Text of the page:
But back to our present topic. It seems that there has been some very interesting research conducted by Sven Bjeen of the University of Amsterdam. (Don’t bother looking him up, his faculty page is suspiciously non-existent on the university’s website.) The “studies” show that proteins in hares are nearly identical to those in humans, suggesting a recent common ancestor. In fact, Dr. Peter VanderMan of Brussels University says that the work “indicates that man most likely evolved from an ancient rabbit rather than an ape or monkey.” He even speculated that the missing link probably wiggled its nose like modern bunnies. (Like Bjeen, VanderMan’s faculty page is nowhere to be found. No doubt these men are trying to keep a low profile to avoid hate mail from creationists and rabbitphobes.)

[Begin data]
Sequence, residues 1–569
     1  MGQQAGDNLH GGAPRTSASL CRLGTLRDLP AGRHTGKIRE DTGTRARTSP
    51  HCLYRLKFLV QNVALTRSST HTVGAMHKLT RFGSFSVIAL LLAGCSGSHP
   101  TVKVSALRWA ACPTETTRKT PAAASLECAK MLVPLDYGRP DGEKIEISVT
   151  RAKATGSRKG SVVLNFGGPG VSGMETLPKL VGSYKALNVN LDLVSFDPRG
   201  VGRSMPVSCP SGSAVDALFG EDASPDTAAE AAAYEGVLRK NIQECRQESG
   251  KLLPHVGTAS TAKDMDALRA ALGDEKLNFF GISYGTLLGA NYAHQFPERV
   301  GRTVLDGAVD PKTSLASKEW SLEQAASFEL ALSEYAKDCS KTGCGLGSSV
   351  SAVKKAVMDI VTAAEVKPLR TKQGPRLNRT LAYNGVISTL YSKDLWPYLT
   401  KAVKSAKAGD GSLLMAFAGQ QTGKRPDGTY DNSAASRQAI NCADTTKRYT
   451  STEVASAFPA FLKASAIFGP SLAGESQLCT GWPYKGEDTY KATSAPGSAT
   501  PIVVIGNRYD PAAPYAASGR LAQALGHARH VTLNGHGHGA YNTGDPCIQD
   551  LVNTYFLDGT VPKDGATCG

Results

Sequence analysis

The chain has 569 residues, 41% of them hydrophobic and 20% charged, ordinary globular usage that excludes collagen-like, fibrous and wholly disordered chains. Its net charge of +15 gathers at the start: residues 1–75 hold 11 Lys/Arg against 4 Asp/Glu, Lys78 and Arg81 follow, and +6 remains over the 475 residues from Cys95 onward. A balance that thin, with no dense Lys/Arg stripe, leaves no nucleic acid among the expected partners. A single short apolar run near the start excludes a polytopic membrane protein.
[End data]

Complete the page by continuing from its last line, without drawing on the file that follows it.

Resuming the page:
I eagerly await the discovery of the “missing link that moved by hoping and had a hairy pelt.” And luckily, I won’t have to wait long. Weekly World News says that scientists are “confident they will find the direct link by August of 2012.”

Finally, Someone Makes An Argument For Creationism That Just Makes Sense

Man, I wish someone would just finally explain how the Bible is right, and On The Origin of Species is wrong.

Thanks to CollegeHumor, Megan Mullally and Nick Offerman, I can finally understand it.

Oh, and if you get a chance, check out Nick Offerman’s Woodshop.  He’ll make you a canoe.  Both Megan Mullally and Nick Offerman are on Children’s Hospital, as well, which is amazing.